Saturday, April 18, 2009

Climate change policies

There is an increasing amount of debate in the US on climate change policies. President Obama proposed a cap and trade system in his budget. All of the carbon permits would be auctioned off - none would be given to industry - and the bulk of the revenues derived would be given back to taxpayers as part of the Making Work Pay credit.

In contrast, in the EU, companies got a large proportion of the permits free - about $1.2 billion worth last year. This undermines the system.

The US Congress, unfortunately, is more short sighted. They are proposing that the MWP tax credit expire in 2011. They are also making noises about giving away some of the permits.

As to the first, low and moderate income consumers spend a large proportion of their family budgets on energy. They should receive a rebate to offset the costs of compliance. This also gives them the financial incentive to economize on energy - consumers get a windfall if they save. The link I posted is a Congressional testimony from an economist at the Center on Budget and Policy Priorities, which advocates for low and middle income consumers.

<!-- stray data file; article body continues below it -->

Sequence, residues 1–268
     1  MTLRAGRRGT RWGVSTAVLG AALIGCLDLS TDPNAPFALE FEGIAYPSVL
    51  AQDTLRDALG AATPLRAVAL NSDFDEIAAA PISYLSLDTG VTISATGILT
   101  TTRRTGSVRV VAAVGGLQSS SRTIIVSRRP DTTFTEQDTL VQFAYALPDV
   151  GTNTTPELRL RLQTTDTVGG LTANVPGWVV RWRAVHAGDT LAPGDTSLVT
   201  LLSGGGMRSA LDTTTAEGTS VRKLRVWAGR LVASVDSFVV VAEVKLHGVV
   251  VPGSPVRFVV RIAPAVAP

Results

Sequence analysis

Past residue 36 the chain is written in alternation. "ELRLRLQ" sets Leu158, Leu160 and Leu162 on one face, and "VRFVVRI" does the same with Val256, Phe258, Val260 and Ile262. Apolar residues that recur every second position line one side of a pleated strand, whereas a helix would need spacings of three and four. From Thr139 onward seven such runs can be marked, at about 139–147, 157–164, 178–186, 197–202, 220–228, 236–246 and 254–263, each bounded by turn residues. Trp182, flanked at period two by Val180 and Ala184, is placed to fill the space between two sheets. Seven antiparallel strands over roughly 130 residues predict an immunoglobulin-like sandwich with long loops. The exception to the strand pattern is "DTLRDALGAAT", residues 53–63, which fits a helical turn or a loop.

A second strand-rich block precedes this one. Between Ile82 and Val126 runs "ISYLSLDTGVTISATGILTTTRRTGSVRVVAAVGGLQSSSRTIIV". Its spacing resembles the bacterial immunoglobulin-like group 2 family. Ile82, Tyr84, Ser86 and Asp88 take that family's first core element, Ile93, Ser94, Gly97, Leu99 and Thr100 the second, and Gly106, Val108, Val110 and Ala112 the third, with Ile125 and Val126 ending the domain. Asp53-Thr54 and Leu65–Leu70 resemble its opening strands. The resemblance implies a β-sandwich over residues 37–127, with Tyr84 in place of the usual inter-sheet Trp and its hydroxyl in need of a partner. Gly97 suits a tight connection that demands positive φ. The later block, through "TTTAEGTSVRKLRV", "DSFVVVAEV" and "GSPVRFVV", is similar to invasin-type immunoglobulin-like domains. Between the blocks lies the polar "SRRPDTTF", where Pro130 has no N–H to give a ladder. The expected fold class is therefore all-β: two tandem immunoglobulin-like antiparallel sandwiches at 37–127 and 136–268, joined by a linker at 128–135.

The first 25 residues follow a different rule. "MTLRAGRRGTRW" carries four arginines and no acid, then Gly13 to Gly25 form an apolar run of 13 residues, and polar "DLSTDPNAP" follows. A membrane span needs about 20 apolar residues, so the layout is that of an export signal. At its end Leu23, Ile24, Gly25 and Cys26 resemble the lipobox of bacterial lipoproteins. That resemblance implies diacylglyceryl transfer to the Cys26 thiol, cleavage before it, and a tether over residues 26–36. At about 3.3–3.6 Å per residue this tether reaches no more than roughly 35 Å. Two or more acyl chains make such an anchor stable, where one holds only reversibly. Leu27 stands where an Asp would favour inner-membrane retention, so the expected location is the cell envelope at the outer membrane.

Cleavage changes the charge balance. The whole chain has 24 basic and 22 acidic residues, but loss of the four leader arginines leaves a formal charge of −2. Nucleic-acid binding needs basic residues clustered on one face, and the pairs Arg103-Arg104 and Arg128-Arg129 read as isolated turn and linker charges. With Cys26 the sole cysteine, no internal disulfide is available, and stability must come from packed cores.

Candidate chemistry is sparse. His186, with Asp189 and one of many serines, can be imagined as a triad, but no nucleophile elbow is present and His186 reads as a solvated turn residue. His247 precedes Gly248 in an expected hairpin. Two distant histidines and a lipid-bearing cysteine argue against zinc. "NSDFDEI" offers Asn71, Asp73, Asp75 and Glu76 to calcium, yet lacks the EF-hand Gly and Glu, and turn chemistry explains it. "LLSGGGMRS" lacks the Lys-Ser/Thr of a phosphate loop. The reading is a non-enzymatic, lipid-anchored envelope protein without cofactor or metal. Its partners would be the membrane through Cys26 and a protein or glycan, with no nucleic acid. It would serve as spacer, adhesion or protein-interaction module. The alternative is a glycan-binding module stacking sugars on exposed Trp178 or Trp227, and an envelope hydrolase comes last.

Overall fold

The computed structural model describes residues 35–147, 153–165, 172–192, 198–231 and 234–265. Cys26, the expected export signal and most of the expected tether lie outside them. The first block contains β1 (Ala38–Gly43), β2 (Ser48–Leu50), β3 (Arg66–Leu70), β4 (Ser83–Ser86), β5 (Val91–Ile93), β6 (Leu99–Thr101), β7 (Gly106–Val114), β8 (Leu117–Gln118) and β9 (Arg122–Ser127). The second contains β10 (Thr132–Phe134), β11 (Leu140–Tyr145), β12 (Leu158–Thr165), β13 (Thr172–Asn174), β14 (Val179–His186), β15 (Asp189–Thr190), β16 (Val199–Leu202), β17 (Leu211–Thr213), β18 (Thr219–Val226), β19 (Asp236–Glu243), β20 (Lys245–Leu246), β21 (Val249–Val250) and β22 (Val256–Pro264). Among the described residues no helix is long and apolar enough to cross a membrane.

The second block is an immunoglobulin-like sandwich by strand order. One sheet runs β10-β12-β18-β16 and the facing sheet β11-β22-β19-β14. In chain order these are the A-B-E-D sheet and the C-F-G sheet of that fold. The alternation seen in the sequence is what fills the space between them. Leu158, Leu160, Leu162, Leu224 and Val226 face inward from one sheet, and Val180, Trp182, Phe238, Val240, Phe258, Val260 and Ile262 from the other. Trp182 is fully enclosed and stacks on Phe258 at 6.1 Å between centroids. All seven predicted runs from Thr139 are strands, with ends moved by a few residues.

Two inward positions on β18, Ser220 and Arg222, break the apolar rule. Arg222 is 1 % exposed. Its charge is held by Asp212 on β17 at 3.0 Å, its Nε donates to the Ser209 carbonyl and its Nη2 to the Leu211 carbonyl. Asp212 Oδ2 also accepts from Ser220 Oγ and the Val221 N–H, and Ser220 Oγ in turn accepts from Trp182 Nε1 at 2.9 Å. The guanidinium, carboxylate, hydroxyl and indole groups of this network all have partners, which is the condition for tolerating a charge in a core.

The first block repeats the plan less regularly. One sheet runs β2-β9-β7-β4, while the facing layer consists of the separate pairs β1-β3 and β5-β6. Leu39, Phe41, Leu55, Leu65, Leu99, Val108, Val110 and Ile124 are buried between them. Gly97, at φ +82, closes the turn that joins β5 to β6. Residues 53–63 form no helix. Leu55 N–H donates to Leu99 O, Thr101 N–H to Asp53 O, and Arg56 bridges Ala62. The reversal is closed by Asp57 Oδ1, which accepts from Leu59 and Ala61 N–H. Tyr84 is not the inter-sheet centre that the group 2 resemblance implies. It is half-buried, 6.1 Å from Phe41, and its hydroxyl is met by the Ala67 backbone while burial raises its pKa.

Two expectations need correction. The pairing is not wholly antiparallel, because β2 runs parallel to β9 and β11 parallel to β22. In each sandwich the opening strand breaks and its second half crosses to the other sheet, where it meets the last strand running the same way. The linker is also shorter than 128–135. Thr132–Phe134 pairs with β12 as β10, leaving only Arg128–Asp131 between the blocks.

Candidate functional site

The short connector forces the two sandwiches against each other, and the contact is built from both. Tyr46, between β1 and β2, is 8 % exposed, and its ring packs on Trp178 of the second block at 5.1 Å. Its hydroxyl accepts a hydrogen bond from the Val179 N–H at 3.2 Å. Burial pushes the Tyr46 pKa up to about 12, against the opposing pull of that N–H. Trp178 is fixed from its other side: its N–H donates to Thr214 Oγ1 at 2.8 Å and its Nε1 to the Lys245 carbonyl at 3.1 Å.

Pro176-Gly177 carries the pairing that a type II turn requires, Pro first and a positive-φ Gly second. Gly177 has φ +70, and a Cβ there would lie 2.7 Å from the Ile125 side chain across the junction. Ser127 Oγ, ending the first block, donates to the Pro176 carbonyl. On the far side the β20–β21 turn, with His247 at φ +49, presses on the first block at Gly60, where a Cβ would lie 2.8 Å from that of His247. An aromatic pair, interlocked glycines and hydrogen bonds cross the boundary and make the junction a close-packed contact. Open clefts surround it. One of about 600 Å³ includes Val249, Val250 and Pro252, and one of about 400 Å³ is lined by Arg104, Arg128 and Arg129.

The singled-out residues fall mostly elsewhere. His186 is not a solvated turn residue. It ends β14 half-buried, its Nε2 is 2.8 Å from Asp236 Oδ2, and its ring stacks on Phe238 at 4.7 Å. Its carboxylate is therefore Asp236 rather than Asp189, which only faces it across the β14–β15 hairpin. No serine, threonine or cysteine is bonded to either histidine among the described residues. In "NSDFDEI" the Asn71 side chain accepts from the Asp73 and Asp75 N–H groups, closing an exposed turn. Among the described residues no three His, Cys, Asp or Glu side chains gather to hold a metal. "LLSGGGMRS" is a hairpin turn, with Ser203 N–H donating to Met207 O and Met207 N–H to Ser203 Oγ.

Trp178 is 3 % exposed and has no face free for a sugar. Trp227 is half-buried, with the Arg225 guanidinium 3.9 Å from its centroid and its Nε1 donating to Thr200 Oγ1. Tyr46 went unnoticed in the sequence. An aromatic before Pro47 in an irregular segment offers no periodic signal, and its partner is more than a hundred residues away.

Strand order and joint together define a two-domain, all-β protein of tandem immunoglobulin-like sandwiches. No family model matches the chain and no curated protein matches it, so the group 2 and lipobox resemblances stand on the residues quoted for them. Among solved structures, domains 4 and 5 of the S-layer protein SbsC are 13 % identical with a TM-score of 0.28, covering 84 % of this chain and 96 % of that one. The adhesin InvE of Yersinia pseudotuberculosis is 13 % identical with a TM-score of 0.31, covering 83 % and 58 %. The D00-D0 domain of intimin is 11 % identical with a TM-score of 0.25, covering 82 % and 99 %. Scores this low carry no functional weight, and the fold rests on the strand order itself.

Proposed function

As to the second, economists at CBPP and at the Congressional Budget Office argue that giving away permits would result in windfall profits to oil, gas and coal producers and users. Producers and utilities would not use this largess to reduce prices for consumers, either.

Congress must stop playing its usual short-sighted games. Now is as good a time as any to enact climate change - if we wait until the economy recovers (which may take years), the excuse will change to "we can't undermine our global competitiveness." Pass climate change now and make giveaways to consumers, NOT to energy and utility companies.

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